Supreme Court Sides with Ohio Secretary of State in Voter Match-Up Case
Supremes Bail Out Brunner But Ohio Republicans Press the Attack on Voter Registration Fraud
with John Michael Spinelli
Columbus, Ohio: The United States Supreme Court Friday came to the defense of Ohio Secretary of State Jennifer Brunner with a "Per Curiam" decision by Justice Stevens that says Brunner, a Democrat, does not have to update Ohio's Statewide Voter Registration Database (SWVRD) as the Ohio Republican Party wanted her to do and that the US Court of Appeals for the Sixth Circuit directed her to do as recently as last Wednesday.
Today's decision of the full court without the mention of specific judges means Brunner does not have to provide Ohio's 88 boards of elections with lists of new registrants whose information does not "match up" with government databases. But while the decision may give Brunner some breathing room, the fury surrounding voting in Ohio likely won't disappear in the weeks remaining until America and Ohioans vote on November. 4th.
In case No. 08A332, Jennifer Brunner v. Ohio Republican Party ET Al, brought by Brunner to the high court to ask for a stay of the district appeals court ruling requiring her to update the SWVFRD and inform Ohio's 88 local boards of elections of so-called mismatches between various databases including that of Ohio's bureau of motor vehicles and the Social Security Administration. Justice John Paul Stevens, Circuit Justice for the Sixth Court, referring the matter to the Court, granted Brunner's application for a stay and vacated the temporary restraining order (TRO) imposed by the district appeals court in Ohio
According to the two-page decision posted on the court's Web site, Brunner, the first woman to hold the office and the first Democrat to hold the post in 16 years, argued that the "District Court had no jurisdiction to
enter the TRO and that its ruling on the merits was erroneous."
In his short rendering, Stevens said there was no attempt to express an "opinion on the question of whether
HAVA [Help America Vote Act, 2002] is being properly implemented" or not. The respondents, the decision read, referring to the Ohio Republicans who sought records of newly registered voters, "are not sufficiently likely to prevail on the question whether Congress has authorized the District Court to enforce Section 303 in an action brought by a private litigant (Ohio Republican legislator Larry Wolpert) to justify the issuance of a TRO."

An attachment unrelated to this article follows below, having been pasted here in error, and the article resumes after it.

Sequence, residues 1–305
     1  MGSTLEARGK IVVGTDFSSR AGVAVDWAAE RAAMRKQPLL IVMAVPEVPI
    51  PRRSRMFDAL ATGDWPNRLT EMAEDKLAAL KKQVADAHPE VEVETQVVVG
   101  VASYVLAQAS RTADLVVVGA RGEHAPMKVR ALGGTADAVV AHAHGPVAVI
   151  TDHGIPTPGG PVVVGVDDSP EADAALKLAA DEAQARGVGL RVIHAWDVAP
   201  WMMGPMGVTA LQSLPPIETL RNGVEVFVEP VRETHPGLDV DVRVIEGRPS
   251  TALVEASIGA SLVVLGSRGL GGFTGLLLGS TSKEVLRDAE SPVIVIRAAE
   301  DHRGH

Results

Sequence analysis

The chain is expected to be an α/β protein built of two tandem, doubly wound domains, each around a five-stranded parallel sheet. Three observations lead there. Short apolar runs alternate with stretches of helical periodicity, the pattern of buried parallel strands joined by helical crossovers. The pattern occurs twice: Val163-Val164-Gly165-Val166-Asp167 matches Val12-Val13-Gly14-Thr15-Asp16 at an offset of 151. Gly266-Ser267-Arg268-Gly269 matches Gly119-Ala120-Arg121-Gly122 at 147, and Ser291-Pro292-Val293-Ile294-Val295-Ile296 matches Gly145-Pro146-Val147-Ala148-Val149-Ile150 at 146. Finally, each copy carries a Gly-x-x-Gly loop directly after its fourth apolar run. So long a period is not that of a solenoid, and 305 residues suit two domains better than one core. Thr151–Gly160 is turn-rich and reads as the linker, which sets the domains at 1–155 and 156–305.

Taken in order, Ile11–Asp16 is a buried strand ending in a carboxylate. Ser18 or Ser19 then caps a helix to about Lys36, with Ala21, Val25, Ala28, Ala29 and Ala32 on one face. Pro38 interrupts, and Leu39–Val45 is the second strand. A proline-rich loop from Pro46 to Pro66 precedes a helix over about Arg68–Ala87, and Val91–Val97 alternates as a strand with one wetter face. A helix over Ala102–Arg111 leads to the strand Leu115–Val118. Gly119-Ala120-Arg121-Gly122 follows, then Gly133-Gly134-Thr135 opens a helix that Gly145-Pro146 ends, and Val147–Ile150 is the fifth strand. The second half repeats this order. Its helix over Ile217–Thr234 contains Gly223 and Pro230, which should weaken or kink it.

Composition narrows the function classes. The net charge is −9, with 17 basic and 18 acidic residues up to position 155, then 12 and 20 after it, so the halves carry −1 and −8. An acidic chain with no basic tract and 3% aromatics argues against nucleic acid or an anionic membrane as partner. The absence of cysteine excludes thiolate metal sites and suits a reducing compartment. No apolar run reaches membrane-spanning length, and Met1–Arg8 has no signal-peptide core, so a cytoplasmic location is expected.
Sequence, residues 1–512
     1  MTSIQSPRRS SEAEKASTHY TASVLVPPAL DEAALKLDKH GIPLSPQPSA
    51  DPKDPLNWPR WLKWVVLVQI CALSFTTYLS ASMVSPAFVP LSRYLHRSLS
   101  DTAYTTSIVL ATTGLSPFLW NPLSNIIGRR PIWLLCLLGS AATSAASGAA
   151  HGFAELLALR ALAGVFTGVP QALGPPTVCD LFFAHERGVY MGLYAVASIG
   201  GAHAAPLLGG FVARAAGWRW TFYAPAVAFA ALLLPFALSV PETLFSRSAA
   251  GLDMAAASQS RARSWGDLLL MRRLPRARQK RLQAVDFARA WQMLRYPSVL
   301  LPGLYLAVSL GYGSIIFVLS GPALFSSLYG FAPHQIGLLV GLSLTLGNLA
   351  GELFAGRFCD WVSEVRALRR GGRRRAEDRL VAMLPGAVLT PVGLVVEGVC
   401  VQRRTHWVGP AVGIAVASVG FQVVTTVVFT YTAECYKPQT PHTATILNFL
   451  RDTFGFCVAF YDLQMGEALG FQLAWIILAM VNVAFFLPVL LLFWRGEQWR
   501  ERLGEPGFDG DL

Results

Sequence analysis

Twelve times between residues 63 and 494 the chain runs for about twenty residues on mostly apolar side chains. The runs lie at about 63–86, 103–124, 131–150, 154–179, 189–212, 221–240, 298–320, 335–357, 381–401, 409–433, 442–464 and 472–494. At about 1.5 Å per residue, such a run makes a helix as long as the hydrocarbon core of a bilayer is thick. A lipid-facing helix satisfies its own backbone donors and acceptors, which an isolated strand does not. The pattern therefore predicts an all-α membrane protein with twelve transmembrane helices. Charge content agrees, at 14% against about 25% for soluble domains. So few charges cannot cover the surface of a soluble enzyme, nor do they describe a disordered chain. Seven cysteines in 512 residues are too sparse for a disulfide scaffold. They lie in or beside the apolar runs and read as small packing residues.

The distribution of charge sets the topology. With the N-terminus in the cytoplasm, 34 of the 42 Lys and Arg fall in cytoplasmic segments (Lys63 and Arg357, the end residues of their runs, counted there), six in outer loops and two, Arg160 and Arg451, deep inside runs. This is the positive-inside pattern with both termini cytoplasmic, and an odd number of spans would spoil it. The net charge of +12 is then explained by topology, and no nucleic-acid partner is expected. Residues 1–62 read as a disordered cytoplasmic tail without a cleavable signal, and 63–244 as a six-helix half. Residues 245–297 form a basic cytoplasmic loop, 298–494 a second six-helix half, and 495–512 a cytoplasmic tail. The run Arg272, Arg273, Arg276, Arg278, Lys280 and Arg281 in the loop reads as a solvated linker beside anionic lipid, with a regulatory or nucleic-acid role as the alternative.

“The chief State election official and the official responsible for the State motor vehicle authority of a State shall enter into an agreement to match information in the database of the statewide voter registration system with information in the database of the motor vehicle authority to the extent required to enable each such official to verify the accuracy of the information provided on applications for voter registration.”
Brunner had previously said the lower court's order could have affected as many as 200,000 Ohioans, about a third of the 666,000 newly registered to vote in Ohio, potentially forcing them to cast provisional ballots instead of regular ballots, as reported by Bloomberg news. With the enthusiasm generated by Barack Obama this year, the Democratic presidential standard bearer and the first African-American to be the party's candidate, newly registered voters sympathetic to Obama and Democrats would have been far more impacted than Republicans, who see their political brand name shrinking in popularity.
The Ohio Republican Party, who has been at odds with Brunner from her first day on the job in 2007, accused her of ignoring her duty under a federal law to help weed out fraudulent registrations. Being the crucial battleground state it is, Ohio, as it has done in the past, could make or break the White House fortunes of either Obama or his rival, Arizona Republican John McCain.
Without Ohio's 20 electoral votes, McCain would have to carry every other state that voted for George W. Bush in 2004, plus one that voted Democratic. Moreover, the race in Ohio is still very close. Some polls have Obama up by a few points while other shows the two candidates in a statistical head-heat in Ohio.
Making her case in court papers, Brunner said lists compiled so far "will display myriad discrepancies" and argued that "Many of those discrepancies bear no relationship whatsoever to a voter's eligibility to vote a regular, as opposed to a provisional, ballot.''
Brunner said mismatches "may well be used at the county level unnecessarily to challenge fully qualified voters and severely disrupt the voting process.'' The plaintiff in the case, the Ohio Republican Party, said HAVA "requires Brunner to share the mismatches with county boards so they can investigate potential fraud before counting votes.
The Ohio GOP attacked Brunner for her "steadfast refusal to provide the HAVA 'mismatch' data to the county boards of elections in a meaningful way.''
The Supreme Court today questioned whether Congress authorized private litigants to sue under HAVA.
The Cincinnati-based 6th U.S. Circuit Court of Appeals had upheld U.S. District Judge George C. Smith's order on a 9-6 vote.
In Ohio and other states, would-be voters whose eligibility is in doubt can cast provisional ballots, which will count only if eventually validated by election officials.
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